Mhc Class I Bound to an Immunodominant Theileria Parva Epitope Demonstrates Unconventional Presentation to T Cell Receptors.Macdonald, I.K., Harkiolaki, M., Hunt, L., Connelley, T., Carroll, A.V., Machugh, N.D., Graham, S.P., Jones, E.Y., Morrison, W.I., Flower, D.R., Ellis, S.A.
(2010) Plos Pathog. 6: 01149
- PubMed: 20976198
- DOI: 10.1371/journal.ppat.1001149
- PubMed Abstract:
T cell receptor (TCR) recognition of peptide-MHC class I (pMHC) complexes is a crucial event in the adaptive immune response to pathogens. Peptide epitopes often display a strong dominance hierarchy, resulting in focusing of the response on a limited ...
T cell receptor (TCR) recognition of peptide-MHC class I (pMHC) complexes is a crucial event in the adaptive immune response to pathogens. Peptide epitopes often display a strong dominance hierarchy, resulting in focusing of the response on a limited number of the most dominant epitopes. Such T cell responses may be additionally restricted by particular MHC alleles in preference to others. We have studied this poorly understood phenomenon using Theileria parva, a protozoan parasite that causes an often fatal lymphoproliferative disease in cattle. Despite its antigenic complexity, CD8+ T cell responses induced by infection with the parasite show profound immunodominance, as exemplified by the Tp1(214-224) epitope presented by the common and functionally important MHC class I allele N*01301. We present a high-resolution crystal structure of this pMHC complex, demonstrating that the peptide is presented in a distinctive raised conformation. Functional studies using CD8+ T cell clones show that this impacts significantly on TCR recognition. The unconventional structure is generated by a hydrophobic ridge within the MHC peptide binding groove, found in a set of cattle MHC alleles. Extremely rare in all other species, this feature is seen in a small group of mouse MHC class I molecules. The data generated in this analysis contribute to our understanding of the structural basis for T cell-dependent immune responses, providing insight into what determines a highly immunogenic p-MHC complex, and hence can be of value in prediction of antigenic epitopes and vaccine design.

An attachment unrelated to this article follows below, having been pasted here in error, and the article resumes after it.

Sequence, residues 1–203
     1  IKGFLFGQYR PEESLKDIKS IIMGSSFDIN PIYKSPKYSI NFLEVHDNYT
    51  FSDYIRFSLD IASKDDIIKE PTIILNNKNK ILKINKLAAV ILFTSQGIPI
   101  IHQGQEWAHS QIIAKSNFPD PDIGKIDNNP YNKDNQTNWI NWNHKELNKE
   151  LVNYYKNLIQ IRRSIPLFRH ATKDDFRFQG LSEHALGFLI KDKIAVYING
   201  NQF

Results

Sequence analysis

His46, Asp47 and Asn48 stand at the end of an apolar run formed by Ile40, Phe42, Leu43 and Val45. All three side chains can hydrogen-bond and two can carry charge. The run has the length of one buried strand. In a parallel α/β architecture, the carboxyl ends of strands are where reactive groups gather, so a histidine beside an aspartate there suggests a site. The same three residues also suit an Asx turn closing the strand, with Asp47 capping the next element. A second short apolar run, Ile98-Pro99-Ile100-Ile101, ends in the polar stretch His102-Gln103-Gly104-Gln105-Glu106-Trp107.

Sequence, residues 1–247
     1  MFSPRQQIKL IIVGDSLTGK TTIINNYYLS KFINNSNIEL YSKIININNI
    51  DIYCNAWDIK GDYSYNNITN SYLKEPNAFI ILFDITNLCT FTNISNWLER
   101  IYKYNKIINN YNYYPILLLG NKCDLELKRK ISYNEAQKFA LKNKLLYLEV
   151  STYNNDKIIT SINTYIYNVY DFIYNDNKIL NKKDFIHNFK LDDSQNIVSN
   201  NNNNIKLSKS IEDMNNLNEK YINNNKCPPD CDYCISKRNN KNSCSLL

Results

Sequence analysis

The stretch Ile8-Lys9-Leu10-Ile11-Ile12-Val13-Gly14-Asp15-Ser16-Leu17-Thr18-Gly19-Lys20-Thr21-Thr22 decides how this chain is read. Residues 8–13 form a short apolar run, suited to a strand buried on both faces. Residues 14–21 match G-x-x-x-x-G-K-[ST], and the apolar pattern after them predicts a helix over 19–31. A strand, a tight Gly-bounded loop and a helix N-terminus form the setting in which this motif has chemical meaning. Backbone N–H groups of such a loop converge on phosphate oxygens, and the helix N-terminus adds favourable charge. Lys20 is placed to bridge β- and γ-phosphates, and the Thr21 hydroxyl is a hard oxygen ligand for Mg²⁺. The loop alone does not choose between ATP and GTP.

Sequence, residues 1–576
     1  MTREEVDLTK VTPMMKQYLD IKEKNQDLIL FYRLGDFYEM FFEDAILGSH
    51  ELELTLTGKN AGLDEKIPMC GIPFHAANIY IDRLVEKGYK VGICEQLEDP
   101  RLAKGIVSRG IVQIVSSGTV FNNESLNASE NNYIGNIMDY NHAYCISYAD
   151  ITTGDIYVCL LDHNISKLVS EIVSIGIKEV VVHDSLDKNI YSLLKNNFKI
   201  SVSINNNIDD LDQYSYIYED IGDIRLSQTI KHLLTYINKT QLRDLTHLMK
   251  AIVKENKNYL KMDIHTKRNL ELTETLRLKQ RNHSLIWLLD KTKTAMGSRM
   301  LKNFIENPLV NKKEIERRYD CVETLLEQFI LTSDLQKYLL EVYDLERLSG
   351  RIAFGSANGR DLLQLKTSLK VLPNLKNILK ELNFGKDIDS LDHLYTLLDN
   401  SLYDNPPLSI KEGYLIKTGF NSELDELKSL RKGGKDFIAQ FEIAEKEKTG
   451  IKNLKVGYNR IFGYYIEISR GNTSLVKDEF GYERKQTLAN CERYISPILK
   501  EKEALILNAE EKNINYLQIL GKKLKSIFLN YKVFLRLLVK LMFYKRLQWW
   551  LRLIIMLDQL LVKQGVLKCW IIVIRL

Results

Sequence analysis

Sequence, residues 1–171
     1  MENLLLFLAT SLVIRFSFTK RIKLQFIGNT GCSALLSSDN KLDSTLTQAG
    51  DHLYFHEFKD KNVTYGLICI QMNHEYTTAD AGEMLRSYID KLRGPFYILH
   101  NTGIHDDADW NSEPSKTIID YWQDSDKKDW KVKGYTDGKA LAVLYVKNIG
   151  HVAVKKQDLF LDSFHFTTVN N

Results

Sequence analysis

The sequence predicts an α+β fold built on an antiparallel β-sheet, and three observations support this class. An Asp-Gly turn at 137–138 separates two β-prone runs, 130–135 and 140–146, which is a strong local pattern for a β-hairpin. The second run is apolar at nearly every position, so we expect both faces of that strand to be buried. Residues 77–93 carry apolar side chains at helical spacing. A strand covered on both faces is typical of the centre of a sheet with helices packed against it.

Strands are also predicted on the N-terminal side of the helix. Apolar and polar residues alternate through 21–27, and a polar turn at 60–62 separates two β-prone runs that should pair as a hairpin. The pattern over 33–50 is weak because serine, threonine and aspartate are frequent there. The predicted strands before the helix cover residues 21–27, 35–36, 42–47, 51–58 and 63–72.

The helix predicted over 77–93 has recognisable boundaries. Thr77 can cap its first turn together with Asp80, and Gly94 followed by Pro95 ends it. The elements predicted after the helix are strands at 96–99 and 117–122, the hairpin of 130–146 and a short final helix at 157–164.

The Jenner Institute, University of Oxford, Compton, Berkshire, United Kingdom.